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(1) © [All Rights Reserved] This paper was placed on the World Wide Web on 30 November 1998. About this author: Charles F. Urbanowicz (born 1942) received the Ph.D. in Anthropology from the University of Oregon, Eugene, Oregon (1972) based on 1970 and 1971 field work in the Polynesian Kingdom of Tonga, combined with archival research in Hawai'i, Australia, New Zealand, and Fiji. Reviews on Pacific topics have appeared in Ethnohistory (1975 and 1977), The Journal of the Polynesian Society (1978), Pacific Studies (1981), and the American Anthropologist (1989). Most recent Tongan publications include a chapter entitled "Tonga" for the Encyclopedia of World Cultures (1991), edited by D. Levinson as well as a Japanese translation of a chapter dealing with tourism in Tonga for the Japanese edition (1991) of the 2nd edition of Hosts and Guests: The Anthropology of Tourism (1989) edited by Valene Smith; this 1989 chapter was a modest revision of the chapter which appeared in the 1977 edition of the same title. Various articles on Tongan topics have been published in Ethnohistory (1973 and 1977), The Journal of the Polynesian Society (1977), Journal de la Société des Océanistes (1978), and Pacific Viewpoint (1979) and taking heed from the phrase Ab alio expectes quod alteri feceris ["You may look for the same treatment from others as you extend to others" or "Expect that as you do unto one, another will do unto you"], it is pointed out that identical chapters on Tonga were published in Psychological Anthropology (1975) edited by S. L. Seaton and J. M. Claessen as well as Political Anthropology: The State of the Art (1979) edited by T. R. Williams; similarities in certain presentations/papers also occur in some of my single-authored and joint-authored temecommunication papers/presentations of the late 1970s and 1980s. Much of my current research now focuses on "Charles Darwin" and/or the "gaming industry" and several of these papers obviously draw upon and build upon one another. For a complete résumé, with exact publications and titles, please go to the "home page" indicated below and continue from there. To return to the beginning of this paper, please click here.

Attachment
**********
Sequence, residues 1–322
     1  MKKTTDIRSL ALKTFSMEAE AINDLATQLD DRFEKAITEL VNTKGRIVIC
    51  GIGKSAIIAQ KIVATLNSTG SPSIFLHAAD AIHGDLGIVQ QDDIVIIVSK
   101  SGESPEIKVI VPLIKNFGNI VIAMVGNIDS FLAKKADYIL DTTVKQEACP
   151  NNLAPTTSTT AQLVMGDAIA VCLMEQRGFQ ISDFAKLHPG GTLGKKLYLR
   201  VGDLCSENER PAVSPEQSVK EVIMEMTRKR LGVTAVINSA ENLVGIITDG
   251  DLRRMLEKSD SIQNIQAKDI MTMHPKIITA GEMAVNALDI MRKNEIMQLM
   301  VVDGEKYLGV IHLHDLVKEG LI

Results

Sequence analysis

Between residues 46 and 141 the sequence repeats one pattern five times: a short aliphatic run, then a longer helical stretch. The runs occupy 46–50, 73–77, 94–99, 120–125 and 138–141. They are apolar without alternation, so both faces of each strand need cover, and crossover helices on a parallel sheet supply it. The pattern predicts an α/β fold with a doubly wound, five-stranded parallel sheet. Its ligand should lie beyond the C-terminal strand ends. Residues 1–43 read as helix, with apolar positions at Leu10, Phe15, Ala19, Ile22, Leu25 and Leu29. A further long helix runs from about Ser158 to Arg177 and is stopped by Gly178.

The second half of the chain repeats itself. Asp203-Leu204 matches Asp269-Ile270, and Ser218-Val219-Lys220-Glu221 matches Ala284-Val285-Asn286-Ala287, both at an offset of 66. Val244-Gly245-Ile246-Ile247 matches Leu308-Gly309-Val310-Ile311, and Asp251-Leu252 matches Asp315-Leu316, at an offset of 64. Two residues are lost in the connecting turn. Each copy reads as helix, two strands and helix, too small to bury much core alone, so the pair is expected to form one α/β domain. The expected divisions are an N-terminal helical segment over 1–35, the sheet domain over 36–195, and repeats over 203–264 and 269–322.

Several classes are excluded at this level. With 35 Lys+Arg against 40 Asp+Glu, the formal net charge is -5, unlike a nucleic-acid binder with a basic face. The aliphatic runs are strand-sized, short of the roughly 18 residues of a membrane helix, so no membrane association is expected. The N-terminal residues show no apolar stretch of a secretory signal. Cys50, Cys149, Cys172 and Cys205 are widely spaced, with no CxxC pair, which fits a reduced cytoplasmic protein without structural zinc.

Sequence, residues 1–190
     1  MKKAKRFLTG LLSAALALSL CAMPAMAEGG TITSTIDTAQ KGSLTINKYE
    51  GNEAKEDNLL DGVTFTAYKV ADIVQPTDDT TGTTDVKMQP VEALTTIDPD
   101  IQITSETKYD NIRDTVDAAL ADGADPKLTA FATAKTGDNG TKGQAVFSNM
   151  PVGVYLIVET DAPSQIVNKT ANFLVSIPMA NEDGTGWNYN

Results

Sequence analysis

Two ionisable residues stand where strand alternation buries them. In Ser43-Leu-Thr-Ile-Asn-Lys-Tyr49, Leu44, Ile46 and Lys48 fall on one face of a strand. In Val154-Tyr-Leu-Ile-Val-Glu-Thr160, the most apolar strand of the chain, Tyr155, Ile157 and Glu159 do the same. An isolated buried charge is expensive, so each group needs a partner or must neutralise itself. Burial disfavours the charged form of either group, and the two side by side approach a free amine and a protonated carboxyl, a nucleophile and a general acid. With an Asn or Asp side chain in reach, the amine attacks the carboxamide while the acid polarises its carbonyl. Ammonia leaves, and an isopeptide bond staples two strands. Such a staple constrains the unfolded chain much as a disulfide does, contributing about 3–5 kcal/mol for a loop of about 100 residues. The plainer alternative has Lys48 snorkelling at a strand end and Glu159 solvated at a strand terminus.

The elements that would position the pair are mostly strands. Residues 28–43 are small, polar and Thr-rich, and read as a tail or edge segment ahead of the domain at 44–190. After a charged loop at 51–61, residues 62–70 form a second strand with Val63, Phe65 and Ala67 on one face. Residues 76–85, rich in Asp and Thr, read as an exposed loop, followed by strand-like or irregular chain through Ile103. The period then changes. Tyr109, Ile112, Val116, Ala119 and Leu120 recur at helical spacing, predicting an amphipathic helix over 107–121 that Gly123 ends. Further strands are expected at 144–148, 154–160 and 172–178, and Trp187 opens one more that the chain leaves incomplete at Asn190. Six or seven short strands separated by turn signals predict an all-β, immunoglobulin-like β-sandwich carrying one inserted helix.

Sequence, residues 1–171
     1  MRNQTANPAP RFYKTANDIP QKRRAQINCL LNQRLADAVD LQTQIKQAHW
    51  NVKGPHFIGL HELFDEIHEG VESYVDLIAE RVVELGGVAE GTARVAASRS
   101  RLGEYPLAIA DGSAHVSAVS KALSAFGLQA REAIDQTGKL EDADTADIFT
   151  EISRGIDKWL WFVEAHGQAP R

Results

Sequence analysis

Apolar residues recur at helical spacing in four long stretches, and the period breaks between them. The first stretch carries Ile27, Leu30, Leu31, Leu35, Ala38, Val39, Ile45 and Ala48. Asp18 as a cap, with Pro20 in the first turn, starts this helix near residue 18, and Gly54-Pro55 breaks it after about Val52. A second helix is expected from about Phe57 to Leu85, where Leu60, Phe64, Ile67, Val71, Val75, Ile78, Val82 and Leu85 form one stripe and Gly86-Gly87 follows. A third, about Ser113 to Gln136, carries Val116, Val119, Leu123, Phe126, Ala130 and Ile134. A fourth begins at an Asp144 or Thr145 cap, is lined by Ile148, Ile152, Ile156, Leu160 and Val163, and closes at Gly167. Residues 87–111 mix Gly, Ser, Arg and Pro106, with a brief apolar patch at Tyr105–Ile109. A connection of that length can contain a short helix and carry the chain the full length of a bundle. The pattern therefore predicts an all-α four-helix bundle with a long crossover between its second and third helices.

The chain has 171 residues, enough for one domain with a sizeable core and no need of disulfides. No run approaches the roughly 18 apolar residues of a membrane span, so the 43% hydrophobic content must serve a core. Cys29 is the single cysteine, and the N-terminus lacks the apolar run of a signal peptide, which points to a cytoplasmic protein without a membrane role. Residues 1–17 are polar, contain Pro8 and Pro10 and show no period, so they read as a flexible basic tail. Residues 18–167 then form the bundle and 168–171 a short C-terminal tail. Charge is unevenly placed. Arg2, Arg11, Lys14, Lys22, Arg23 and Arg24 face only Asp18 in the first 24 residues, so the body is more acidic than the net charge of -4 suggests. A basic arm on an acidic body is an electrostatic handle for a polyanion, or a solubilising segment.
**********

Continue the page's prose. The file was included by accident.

To go to the home page of Urbanowicz, please click here;

to the Department of Anthropology;

to California State University, Chico.

[This page printed from: http://www.csuchico.edu/~curban/Pacific/Tasmania.html]

 


Copyright © 1998 Charles F. Urbanowicz

30 November 1998 by CFU